Zeno And The Tortoise: How To Think Like A Philosopher
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Zeno And The Tortoise: How To Think Like A Philosopher

3.62 of 5 stars 3.62  ·  rating details  ·  133 ratings  ·  12 reviews
Think of Zeno and the Tortoise as a toolbox for aspiring thinkers. Author Nicholas Fearn aims to leave readers with an array of handy instruments at their disposal, whether Ockham's razor, Hume's fork, or Nietzsche's hammer. "The object," he writes, "is to show not merely what the great philosophers thought, but to demonstrate how they thought." In addition to supplying re...more
Published 2001 by Atlantic
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Jono Balliett
This was a great way to familiarize myself with some great philosophical minds. I love philosophy but I tend to gravitate toward the readers digest version of philosophers. Reading a philosopher's works can be incredibly rewarding but one can spend decades unraveling the thoughts and ideas of just one philosophers work. Instead, I read synopses of their work. This book covers: Thales, Protagoras, Zeno, Socrates, Plato, Aristotle, Lucretius, Ockham, Machiavelli, Bacon, Descartes, Hume, Reid, Rous...more
TK Keanini
A very unfortunate title. The subtitle should have been: How to apply the patterns of great philosophers. I just can't believe that I would ever think like the great philosophers nor would I want to. I'm perfectly find thinking the way I think.

Now that I have that out of my system, the book is great. In 25 sections, the author takes each key contribution from some incredible philosopher. It could be called a philosophy field guide.
Nathalie
Good refresher on philosophy and philosophers. Without fluff, each short digestible chapter outlines the essence of each philosopher's' argument, some thoughts about how to think of it using modern day examples and gives context for each philosopher's life. Especially appreciated the latter where I learned interesting thing about the person and the times. I had studied philosophy so while there is a lot to learn from the original works, namely the construction and thought process in creating an...more
Lawrence Bloomfield
A good introduction to the works of some great philosophers, a few of which are often overlooked. I didn't always agree with his conclusions, but isn't that common in philosophy? The ideas were exposed nicely, rather concise, but it whets the appetite for those yet to venture far in to philosophy. However, a little more information would be needed in each section to allow one to confidently discuss the concepts exposed here. Good read, nonetheless.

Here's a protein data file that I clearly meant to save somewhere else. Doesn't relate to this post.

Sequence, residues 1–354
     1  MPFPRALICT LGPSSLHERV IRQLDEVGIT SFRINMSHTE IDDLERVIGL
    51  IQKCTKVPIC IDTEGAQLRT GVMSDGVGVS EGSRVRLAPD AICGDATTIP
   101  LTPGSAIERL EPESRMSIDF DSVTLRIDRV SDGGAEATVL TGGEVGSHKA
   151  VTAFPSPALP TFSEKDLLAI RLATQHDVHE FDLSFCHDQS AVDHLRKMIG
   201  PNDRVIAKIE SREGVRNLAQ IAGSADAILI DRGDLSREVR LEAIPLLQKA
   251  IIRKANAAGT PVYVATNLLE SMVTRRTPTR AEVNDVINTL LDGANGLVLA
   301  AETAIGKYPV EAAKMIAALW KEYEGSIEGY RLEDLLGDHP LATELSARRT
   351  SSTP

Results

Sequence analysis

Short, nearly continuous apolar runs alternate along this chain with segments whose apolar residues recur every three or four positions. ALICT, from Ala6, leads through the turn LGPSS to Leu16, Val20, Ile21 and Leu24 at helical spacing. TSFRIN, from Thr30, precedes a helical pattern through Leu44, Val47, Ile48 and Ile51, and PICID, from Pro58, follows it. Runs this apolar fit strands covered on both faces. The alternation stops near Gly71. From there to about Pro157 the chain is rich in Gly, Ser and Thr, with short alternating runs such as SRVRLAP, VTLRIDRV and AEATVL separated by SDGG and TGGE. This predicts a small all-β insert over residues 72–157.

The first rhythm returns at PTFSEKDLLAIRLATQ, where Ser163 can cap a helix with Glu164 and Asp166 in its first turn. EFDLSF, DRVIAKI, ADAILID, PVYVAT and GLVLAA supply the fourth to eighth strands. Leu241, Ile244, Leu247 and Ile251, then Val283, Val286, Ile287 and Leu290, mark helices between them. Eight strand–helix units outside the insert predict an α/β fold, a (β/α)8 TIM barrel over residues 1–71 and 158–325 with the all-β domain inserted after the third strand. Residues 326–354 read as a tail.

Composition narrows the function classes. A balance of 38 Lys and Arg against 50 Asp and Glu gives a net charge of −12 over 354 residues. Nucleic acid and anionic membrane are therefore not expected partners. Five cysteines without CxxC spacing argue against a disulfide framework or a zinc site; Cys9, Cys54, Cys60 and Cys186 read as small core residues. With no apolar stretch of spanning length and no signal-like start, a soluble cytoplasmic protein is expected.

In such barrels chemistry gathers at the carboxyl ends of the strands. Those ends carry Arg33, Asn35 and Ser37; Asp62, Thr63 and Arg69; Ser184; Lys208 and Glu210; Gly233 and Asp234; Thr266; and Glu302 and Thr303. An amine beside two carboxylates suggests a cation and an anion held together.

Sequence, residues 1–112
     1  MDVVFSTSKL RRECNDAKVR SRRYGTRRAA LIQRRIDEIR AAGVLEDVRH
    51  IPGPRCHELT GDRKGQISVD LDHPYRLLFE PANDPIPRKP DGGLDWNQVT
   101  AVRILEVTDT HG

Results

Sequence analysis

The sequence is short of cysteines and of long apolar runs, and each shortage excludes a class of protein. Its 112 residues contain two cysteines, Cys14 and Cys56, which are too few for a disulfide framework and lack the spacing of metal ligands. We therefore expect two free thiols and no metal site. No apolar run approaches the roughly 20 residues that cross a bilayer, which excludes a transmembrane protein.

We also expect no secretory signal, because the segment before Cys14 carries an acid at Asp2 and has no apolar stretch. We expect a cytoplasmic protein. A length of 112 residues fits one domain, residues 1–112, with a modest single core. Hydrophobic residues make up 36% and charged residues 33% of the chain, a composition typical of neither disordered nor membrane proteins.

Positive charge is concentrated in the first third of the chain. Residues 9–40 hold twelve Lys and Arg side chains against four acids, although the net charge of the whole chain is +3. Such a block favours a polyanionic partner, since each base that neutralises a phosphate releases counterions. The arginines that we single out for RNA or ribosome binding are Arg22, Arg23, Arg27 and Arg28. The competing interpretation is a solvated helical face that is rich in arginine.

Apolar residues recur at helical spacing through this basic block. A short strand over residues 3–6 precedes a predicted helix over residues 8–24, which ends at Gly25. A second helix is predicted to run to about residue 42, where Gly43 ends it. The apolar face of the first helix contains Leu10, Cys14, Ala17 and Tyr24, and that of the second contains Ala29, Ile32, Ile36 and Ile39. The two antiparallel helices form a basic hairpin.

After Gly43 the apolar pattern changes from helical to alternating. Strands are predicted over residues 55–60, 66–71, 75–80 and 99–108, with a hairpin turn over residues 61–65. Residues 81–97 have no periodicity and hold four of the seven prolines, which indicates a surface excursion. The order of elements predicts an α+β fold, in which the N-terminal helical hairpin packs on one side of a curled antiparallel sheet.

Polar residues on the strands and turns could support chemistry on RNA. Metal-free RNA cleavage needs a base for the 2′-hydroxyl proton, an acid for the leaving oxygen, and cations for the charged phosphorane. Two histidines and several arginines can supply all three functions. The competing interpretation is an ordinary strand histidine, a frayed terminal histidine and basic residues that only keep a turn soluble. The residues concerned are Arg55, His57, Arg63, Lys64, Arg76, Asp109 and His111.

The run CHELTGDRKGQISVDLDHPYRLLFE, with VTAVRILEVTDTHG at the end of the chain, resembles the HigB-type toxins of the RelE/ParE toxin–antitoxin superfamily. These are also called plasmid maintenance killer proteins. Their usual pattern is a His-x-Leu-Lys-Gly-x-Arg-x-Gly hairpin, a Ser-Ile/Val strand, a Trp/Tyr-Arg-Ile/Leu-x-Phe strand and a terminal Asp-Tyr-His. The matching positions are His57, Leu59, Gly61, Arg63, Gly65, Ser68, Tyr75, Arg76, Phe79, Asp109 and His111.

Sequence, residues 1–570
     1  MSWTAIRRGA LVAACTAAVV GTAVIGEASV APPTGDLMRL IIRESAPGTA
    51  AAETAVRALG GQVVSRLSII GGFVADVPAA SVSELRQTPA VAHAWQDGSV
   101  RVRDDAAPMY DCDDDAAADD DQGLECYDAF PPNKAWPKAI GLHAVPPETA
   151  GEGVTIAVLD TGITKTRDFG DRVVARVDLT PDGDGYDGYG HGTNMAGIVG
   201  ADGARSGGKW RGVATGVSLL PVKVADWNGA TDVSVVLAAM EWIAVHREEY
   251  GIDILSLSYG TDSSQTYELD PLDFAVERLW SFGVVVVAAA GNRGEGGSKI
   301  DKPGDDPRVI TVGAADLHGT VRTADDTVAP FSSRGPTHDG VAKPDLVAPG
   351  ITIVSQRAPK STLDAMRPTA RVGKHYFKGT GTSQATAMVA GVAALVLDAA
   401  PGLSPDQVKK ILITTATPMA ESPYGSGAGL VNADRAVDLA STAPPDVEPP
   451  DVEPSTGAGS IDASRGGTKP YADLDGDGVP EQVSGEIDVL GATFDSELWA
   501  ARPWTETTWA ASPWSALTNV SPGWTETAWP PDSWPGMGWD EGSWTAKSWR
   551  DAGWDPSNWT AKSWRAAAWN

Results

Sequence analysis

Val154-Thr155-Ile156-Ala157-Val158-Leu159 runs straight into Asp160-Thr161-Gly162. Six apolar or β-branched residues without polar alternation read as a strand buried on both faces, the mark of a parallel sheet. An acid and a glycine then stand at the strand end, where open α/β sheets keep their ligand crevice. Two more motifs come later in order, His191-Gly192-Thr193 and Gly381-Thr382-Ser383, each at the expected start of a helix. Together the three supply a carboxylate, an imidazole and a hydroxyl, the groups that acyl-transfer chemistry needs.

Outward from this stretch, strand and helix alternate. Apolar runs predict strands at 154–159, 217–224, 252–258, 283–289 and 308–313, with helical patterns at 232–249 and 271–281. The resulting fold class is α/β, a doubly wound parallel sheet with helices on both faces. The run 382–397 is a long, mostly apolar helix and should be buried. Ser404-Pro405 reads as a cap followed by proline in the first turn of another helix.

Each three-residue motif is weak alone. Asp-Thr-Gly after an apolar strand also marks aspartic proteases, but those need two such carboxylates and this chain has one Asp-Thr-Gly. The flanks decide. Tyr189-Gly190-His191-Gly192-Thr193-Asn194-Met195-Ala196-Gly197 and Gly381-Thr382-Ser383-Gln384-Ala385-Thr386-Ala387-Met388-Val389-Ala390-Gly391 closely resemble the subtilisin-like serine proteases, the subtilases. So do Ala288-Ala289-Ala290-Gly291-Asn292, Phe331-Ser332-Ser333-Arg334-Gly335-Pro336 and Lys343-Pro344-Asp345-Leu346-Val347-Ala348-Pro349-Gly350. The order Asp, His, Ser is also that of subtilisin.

Kara Jacobs
Didn't finish this. Such a good concept, anecdotes about various great philosophers throughout the ages, what they had to say about the subject of death and (my favorite part, of course), the weird ways in which they actually died but ...I dunno, it started to grow dull in the middle of the middle of the Middle Ages, and it' another book I never finished.
Pamela
Bought this book for my 15-yr-old son to introduce him to philosophy. Covers over 20 philosophers and their main ideas, including short biographies. Good introductory book into the origins and developments of some of the most important philosophical ideas throughout history.
Allen Martin
Part biography of many philosophers, part introduction to various thinking techniques, part summary of various types of philosophical thought. This book will probably encourage you to dig deeper into ideas that interest you. A buffet full of appetizers.
Jw van Eck
A sequence of philosophers in historic order. Easy to read and understand. Not sure why some names have made it to the book (Lucretius, Machiavelli, Ryle) and why others (Spinoza, Leibnitz, Russel) are missing. But a nice read nonetheless.
Ian
I remember looking at this book, can't remember actually reading it. Possibly this is why I dont think like a philosopher
H Wesselius
interesting, you can pick and choose your way through it. Some essays are better than others.
Tudor
Very interesting concept, poorly carried out.
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